On average a jar of local honey will cost you anywhere from $12 to $18. This can hurt your wallet if you are using honey everyday but if you are selling the honey it will make your wallet very happy. The amount of honey that your bees produce and how much you can harvest/sell will greatly depend on how much “pollen” you have around your homestead. 

Not only can you sell the honey and beeswax but over time you can sell bees themselves to other beekeepers.

Bees multiply like crazy and when they get too crowded you have to split their hives which naturally creates new hives. It might sound bad and too much work but it’s actually good news because you can either keep the new hive and have that much more honey or you can sell it and gain a nice profit.

They are Happy Anywhere-

Do you live on a farm? The suburbs? Or even in an apartment in the city? Well, no matter where you live, you can probably keep bees. Just be sure to check out your local ordinances and regulations.There really is no limit.

There are people that keep bees in closer quarters which are referred to as backyard beekeepers. They usually exist in the suburbs. And then you have your regular beekeepers that live in areas with more space. Then you even have apartment beekeepers who keep their bees on rooftops.

A lot of cities love it because they struggle with having enough pollination.

So as long as you live in an area with flowering shrubs, trees, or plants than you can raise bees. It doesn’t matter how hot or cold your area gets. They are very resilient little creatures.

Wondering what plants/flowers bees like? check out- Planting for Pollinators

You are Helping Save the Bees

The number of bees in the world has seriously decreased over recent years. The reason is because of Colony Collapse Disorder. And the weird part about Colony Collapse Disorder is we still don’t understand it all.

Colony Collapse Disorder is when worker bees abandon the hive. They leave the queen, young immature bees, and nurse bees to take care of the brood. This leaves the hive open to parasites that will kill off the hive. The worker bees also won’t survive without their queen. That is what makes CCD so perplexing. It is against their natural instinct to just go off and leave its queen. And they have done it so much in recent years that the number of bees has taken a serious hit.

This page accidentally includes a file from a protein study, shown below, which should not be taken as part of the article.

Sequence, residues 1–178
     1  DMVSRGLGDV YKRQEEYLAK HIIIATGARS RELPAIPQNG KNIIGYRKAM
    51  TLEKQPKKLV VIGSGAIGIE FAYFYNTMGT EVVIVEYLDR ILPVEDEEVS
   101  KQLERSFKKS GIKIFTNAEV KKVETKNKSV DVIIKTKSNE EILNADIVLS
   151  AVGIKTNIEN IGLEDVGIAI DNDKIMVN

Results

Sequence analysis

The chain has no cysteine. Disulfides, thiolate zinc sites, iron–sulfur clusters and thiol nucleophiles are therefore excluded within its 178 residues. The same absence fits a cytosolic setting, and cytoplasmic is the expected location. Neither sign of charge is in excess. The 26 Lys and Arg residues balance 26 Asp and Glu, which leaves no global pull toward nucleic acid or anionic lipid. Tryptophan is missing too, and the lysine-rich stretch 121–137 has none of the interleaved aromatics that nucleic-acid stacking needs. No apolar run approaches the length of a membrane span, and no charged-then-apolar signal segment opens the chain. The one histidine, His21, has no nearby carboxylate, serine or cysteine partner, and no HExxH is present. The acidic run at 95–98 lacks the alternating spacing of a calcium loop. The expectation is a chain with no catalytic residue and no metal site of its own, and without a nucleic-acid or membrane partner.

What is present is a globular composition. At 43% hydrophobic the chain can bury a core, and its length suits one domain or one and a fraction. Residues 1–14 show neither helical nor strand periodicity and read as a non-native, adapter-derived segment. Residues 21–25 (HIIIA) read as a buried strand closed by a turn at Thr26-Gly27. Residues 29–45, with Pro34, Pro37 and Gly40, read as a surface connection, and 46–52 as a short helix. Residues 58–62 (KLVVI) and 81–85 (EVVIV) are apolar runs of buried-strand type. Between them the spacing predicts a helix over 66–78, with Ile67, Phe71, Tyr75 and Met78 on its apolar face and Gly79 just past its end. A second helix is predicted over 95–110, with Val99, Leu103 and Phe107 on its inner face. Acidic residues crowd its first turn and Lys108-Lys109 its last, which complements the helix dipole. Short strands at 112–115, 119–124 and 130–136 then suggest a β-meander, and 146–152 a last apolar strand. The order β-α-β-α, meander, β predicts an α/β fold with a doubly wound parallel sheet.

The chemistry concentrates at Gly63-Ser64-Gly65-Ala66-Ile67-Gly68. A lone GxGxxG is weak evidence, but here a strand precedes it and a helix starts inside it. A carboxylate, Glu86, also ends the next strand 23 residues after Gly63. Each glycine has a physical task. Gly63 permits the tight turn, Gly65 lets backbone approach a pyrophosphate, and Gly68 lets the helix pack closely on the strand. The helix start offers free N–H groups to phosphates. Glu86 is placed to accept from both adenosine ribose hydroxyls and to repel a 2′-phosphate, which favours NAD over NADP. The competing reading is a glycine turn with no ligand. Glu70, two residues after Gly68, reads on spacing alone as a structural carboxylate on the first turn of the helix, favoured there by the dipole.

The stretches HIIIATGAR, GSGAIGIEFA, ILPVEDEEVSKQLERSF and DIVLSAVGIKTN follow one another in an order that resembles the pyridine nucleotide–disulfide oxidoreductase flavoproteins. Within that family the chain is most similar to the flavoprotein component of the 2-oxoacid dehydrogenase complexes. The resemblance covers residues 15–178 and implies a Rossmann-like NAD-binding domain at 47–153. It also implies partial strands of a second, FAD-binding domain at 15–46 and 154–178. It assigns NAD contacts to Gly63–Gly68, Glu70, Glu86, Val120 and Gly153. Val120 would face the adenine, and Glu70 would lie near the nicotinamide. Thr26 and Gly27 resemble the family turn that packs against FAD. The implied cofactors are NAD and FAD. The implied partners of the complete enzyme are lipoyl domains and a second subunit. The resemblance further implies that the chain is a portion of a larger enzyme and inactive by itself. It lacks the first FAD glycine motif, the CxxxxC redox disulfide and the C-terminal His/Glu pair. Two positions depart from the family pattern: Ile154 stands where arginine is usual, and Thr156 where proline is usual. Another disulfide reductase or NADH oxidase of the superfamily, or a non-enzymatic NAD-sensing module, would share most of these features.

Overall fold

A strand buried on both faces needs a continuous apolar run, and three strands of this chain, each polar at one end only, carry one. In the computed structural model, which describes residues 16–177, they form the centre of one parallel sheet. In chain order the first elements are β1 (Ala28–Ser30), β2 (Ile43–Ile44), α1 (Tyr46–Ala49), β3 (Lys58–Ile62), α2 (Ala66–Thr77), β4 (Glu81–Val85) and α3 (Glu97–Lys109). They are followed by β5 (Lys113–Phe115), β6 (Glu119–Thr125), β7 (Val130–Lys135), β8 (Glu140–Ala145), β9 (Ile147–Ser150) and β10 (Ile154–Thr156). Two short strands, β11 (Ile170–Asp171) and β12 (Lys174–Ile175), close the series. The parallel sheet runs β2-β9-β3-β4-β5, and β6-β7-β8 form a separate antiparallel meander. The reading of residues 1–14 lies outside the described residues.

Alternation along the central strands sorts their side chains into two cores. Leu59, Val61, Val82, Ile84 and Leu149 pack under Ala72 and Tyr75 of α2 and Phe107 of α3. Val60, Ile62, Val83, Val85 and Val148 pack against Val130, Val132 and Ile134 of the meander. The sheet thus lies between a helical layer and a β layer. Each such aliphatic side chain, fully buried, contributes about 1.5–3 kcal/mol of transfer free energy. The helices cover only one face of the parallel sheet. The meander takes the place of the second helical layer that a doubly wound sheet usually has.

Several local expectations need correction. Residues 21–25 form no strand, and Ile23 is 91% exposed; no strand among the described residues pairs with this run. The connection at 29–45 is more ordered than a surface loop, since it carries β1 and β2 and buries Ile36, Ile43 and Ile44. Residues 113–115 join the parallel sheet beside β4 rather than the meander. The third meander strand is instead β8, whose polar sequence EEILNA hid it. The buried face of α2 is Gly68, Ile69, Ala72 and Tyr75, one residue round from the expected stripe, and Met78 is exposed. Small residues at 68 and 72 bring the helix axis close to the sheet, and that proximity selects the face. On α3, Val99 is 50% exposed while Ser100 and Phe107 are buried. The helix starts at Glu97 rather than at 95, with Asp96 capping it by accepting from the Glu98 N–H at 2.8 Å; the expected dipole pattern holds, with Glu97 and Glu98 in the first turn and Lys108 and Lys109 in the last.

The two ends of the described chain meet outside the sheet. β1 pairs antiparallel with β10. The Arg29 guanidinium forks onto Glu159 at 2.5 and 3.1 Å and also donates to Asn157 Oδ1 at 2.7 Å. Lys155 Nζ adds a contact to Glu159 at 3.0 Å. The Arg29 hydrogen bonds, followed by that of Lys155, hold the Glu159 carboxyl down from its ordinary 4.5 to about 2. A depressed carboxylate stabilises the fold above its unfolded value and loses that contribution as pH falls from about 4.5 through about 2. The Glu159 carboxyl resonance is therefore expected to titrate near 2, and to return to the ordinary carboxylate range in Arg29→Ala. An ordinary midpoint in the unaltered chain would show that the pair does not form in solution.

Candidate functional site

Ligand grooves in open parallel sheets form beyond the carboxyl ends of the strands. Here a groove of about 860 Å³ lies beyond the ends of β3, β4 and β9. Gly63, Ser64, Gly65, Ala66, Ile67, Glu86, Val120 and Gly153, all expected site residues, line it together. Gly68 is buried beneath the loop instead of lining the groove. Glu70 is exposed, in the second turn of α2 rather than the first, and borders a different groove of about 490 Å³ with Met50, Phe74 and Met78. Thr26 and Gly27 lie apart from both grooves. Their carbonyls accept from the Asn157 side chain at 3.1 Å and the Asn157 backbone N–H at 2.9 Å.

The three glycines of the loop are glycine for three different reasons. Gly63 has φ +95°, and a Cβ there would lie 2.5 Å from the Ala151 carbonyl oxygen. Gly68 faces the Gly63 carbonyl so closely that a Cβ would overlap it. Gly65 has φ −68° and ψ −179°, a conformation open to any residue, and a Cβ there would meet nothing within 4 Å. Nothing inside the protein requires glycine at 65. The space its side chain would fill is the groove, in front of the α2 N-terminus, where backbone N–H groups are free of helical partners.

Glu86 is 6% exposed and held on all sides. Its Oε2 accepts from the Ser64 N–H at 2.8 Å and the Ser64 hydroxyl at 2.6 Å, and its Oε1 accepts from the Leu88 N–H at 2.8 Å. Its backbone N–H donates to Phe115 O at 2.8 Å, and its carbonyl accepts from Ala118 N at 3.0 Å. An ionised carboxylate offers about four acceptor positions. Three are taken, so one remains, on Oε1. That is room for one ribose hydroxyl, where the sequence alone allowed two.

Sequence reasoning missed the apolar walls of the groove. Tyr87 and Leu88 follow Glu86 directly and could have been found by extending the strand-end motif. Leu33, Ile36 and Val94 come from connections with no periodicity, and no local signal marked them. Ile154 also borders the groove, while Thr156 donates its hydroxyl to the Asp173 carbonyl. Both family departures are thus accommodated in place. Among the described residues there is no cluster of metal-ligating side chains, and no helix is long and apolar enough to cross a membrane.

Without bees, we have no pollination and, in turn, our food supply takes a serious hit. So by raising bees you are helping them and us with our food supply.

raising honey bees

They Don’t Cost Much-

Have you purchased a cow lately? They are rather expensive. What about a few goats and built a barn to provide the shelter? That can be expensive too, huh?

Well, in comparison, bees really aren’t that expensive. You will have to buy a good bee suit, a bee hive, a smoker, a hive tool, and a startup nuc for you to get started.

Or you can learn how to catch them for free!

But even if you purchase it all, it should cost you $500 or less. That may seem like a lot of money. But in reality, that kind of money gets sunk into other livestock regularly.

So to be able to raise a living creature that gives you quite a few products in return, doesn’t cost much to feed, and then pretty well takes care of itself. I don’t think we could ask for much more.

You Become Fascinated with Nature-

Bees are fascinating creates that form the most perfect community where everyone works together for a common good and we humans had no part in creating it. It makes you appreciate the simple beauty.

Living the farmhouse lifestyle makes you connect with nature and bees are just another layer of that connection.

I know that everytime I am out working in the garden and spot a bee busy at work I smile knowing that they are working hard and helping me in the process.

homemade honey

So there you have it NINE reasons why you should raise bees.  The number one reason being the honey that they will produce and that you can use in baking and cooking. 

So are you ready to become a beekeeper, start raising honeybees and enjoy raw natural honey right from your backyard? It’s ok if you aren’t ready for honeybees.